Mark could’ve done that.
Like I said Mark had the intangible, the unteachable. Mark was pure and forthright, and he easily could have been a “Rumologist” or a mixology teacher at a high end resort. But he stayed with who he was. Maybe that’s because it was what he wanted, maybe because he was scared to test the waters, or maybe just because he had the life he had and didn’t know what to do with it.
I’ll never know. I don’t know the last time I talked to him, and like all of us that will haunt us. And haunt is the word, because people always say “Nobody should die in vain” and “If one life is changed, it’s worth it.” Well, I don’t believe anyone dies in vain, not for any warm positive reason but rather a cold morbid truth: death is inevitable. Like the rain it comes to the just and unjust; as a part of life to say someone’s death is in vain is to say their life was in vain, and that is something I cannot accept. The least you do for anyone, you do for everyone, and each of our lives matter.
It’s tougher to negotiate the “change one life” thing. I’ll be 45 later this year, and my spots are pretty much where they will always be. And yet today I have been melancholy because I know the life a bartender leads – I know the life I have led – and I am confronted with my own mortality. I look at how I live, the choices I make, the hours I keep (not just for work but also for finding the time to socialize with others) and I recognize I could do better. The truth is though I recognize that far too often, and there are people here, people part of my life, that I want to be better, smarter, healthier, kinder, whatever for, and yet I still fail. If I can’t do it for the living, what hope do the dead have?
And still we beat on, boats against the current, trying to make sense of this thing we call life. Moments like these give us pause, and each of us find our own way to rage against the dying of the light. Some of us will look back and decide we haven’t risked enough, we haven’t lived the way we wanted to and we find ways to throw caution in the wind and cast our lines in the open sea. Others will double down on the choices they’ve made, recommit to the world they are in and bring a new depth to it. No answer is wrong, but the only right answer is the one for you.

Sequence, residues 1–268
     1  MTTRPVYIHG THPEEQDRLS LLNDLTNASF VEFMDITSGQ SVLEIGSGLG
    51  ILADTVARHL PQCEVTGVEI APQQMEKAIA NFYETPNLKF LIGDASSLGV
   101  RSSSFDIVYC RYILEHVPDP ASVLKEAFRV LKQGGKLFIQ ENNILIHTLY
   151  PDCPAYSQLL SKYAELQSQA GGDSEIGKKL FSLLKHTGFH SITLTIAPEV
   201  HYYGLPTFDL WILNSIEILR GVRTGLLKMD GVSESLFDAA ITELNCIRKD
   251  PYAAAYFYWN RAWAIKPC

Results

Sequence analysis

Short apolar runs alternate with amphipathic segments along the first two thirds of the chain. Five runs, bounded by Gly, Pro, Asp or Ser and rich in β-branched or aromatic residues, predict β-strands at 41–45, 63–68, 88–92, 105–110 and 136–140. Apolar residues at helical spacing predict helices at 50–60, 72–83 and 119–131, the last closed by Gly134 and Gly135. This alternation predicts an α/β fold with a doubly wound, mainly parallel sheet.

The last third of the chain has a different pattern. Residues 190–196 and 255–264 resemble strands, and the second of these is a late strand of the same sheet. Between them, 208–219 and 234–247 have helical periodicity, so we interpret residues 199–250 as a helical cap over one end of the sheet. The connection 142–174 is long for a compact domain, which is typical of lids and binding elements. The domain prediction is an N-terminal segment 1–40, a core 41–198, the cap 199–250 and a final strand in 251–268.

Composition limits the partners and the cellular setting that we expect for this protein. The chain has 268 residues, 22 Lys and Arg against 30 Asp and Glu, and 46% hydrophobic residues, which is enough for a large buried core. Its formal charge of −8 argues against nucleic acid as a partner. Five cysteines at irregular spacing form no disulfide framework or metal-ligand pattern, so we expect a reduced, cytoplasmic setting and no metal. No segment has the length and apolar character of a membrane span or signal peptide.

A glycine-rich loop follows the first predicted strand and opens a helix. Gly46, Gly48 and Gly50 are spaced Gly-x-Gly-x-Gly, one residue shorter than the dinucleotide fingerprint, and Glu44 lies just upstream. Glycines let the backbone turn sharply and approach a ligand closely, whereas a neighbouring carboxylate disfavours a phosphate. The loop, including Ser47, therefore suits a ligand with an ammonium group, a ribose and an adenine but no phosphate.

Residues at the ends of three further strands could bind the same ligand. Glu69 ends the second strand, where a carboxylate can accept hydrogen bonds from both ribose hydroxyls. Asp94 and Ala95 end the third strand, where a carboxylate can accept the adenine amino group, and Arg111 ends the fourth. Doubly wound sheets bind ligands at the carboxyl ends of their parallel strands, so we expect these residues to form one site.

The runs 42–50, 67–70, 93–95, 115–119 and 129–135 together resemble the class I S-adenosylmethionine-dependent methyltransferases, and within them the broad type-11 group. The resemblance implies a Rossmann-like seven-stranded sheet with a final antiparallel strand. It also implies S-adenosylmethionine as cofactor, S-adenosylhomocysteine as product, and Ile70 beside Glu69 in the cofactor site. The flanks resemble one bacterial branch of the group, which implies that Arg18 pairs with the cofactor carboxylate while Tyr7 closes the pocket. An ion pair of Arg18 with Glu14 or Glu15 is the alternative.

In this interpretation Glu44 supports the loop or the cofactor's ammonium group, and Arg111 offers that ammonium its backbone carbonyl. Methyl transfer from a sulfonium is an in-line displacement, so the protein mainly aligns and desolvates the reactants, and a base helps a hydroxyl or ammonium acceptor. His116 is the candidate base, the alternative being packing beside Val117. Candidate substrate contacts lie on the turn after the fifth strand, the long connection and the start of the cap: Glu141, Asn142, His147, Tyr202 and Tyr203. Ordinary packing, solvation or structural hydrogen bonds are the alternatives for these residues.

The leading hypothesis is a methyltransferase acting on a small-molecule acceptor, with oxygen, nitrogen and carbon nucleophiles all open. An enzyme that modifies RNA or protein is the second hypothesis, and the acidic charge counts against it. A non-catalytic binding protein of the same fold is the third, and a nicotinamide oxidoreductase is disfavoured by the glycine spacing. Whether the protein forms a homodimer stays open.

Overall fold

My friend Amy, an old friend of Mark’s, texted me something without provocation on my part. She knew this was bothering me (I used the term melancholy) and before I could tell her anything about the blog I was going to write, she said “Jack, please be smiling in his honor.”
I will always remember how he smiled. I will always remember his pure happiness to see people, to be there for people. I will most certainly remember his unquestioned dedication to his friends. What I won’t remember is him ever being angry. Sure I saw him upset when he was stuck working with morons (who wouldn’t be?) but he always found a positive in everything. And I will remember the one joke he told me. With his last name, he could get away with it:
Q: Why does every Polish name end is -ski?
A: Because toboggan is too hard to spell.
I’ll miss you big fella. Rest easy, and save me a stool at your new bar.
Bonus track. Enough said.